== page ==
On August 10, the CFPB issued a consent order against a FinTech company for a faulty algorithm utilized in its personal finance management app that caused consumer accounts to overdraft and incur overdraft penalties. According to the CFPB, although the San Francisco-based fintech company promoted the app as a savings tool for consumers, it engaged in deceptive acts or practices in violation of the CFPA by:

Continue Reading CFPB Targets FinTech for Faulty Automated Savings Algorithm

On July 27, the CFPB and DOJ proposed a settlement with a nonbank mortgage lender for its discriminatory “redlining” lending practices against minority families living in the greater Philadelphia area. If approved by the court, the mortgage lender would be required to pay more than $22 million in civil penalties, and would be the CFPB’s first nonbank mortgage redlining settlement.

Continue Reading CFPB, DOJ Propose $22 Million Penalty Against Nonbank Mortgage Lender for Illegal Redlining

On July 27, CFPB Director Chopra was interviewed in multiple publications, here and here, about, among other topics, how the CFPB could seek to help mortgage borrowers strained by the Federal Reserve’s battle against inflation and how the agency is looking at cryptocurrency. Below are some of the more important updates from the interviews.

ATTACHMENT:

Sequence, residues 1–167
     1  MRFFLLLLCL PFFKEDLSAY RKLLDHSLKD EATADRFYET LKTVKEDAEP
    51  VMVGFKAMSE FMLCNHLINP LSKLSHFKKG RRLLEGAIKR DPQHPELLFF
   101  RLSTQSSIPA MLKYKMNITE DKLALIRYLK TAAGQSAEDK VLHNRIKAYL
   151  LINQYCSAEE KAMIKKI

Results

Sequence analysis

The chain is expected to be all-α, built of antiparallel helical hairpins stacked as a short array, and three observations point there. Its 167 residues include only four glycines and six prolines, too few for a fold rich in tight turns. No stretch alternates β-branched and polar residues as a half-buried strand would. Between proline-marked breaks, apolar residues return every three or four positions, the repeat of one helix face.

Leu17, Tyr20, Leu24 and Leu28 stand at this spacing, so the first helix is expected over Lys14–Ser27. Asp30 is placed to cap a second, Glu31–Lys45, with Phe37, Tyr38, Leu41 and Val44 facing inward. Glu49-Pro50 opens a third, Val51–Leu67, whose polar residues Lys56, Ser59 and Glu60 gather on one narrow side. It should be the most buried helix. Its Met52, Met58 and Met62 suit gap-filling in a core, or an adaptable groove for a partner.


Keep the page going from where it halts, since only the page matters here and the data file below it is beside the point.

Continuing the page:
Continue Reading CFPB’s Chopra Has Payments and Crypto In Focus

On July 11, CFPB Director Rohit Chopra drafted a blog post detailing the Bureau’s efforts to comply with President Biden’s Executive Order on Promoting Competition in the American Economy aimed, in part, to address the Administration’s concerns about pressing antitrust and competition issues affecting consumers. The CFPB was directed by the Order to explore ways to make it easier for consumers to switch financial institutions and to aggressively enforce the prohibition of UDAAPs in consumer financial products and services pursuant to the Dodd-Frank Act.

Continue Reading CFPB Continues Efforts to Promote Competition in Financial Markets